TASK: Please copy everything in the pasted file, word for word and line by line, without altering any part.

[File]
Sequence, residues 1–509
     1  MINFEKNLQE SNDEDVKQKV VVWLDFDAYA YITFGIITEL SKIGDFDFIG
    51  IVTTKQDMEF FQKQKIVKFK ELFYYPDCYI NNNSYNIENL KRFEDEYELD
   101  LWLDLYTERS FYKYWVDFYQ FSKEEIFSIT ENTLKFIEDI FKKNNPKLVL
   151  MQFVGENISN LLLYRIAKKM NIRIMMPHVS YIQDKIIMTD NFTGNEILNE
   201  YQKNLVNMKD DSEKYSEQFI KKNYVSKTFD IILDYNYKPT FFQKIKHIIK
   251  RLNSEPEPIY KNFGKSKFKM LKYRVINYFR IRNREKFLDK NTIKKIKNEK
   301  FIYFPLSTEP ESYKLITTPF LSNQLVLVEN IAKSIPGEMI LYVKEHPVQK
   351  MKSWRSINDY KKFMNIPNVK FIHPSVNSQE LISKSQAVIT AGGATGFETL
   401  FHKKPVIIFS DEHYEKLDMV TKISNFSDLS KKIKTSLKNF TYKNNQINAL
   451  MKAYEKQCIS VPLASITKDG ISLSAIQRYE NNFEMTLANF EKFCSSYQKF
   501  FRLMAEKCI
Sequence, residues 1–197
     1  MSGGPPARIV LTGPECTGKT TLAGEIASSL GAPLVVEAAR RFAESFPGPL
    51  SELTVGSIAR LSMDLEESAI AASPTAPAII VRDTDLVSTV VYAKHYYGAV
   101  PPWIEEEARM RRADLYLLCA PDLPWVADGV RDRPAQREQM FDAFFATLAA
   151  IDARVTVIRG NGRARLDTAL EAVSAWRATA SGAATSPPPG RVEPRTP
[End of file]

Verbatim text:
Sequence, residues 1–509
     1  MINFEKNLQE SNDEDVKQKV VVWLDFDAYA YITFGIITEL SKIGDFDFIG
    51  IVTTKQDMEF FQKQKIVKFK ELFYYPDCYI NNNSYNIENL KRFEDEYELD
   101  LWLDLYTERS FYKYWVDFYQ FSKEEIFSIT ENTLKFIEDI FKKNNPKLVL
   151  MQFVGENISN LLLYRIAKKM NIRIMMPHVS YIQDKIIMTD NFTGNEILNE
   201  YQKNLVNMKD DSEKYSEQFI KKNYVSKTFD IILDYNYKPT FFQKIKHIIK
   251  RLNSEPEPIY KNFGKSKFKM LKYRVINYFR IRNREKFLDK NTIKKIKNEK
   301  FIYFPLSTEP ESYKLITTPF LSNQLVLVEN IAKSIPGEMI LYVKEHPVQK
   351  MKSWRSINDY KKFMNIPNVK FIHPSVNSQE LISKSQAVIT AGGATGFETL
   401  FHKKPVIIFS DEHYEKLDMV TKISNFSDLS KKIKTSLKNF TYKNNQINAL
   451  MKAYEKQCIS VPLASITKDG ISLSAIQRYE NNFEMTLANF EKFCSSYQKF
   501  FRLMAEKCI
Sequence, residues 1–197
     1  MSGGPPARIV LTGPECTGKT TLAGEIASSL GAPLVVEAAR RFAESFPGPL
    51  SELTVGSIAR LSMDLEESAI AASPTAPAII VRDTDLVSTV VYAKHYYGAV
   101  PPWIEEEARM RRADLYLLCA PDLPWVADGV RDRPAQREQM FDAFFATLAA
   151  IDARVTVIRG NGRARLDTAL EAVSAWRATA SGAATSPPPG RVEPRTP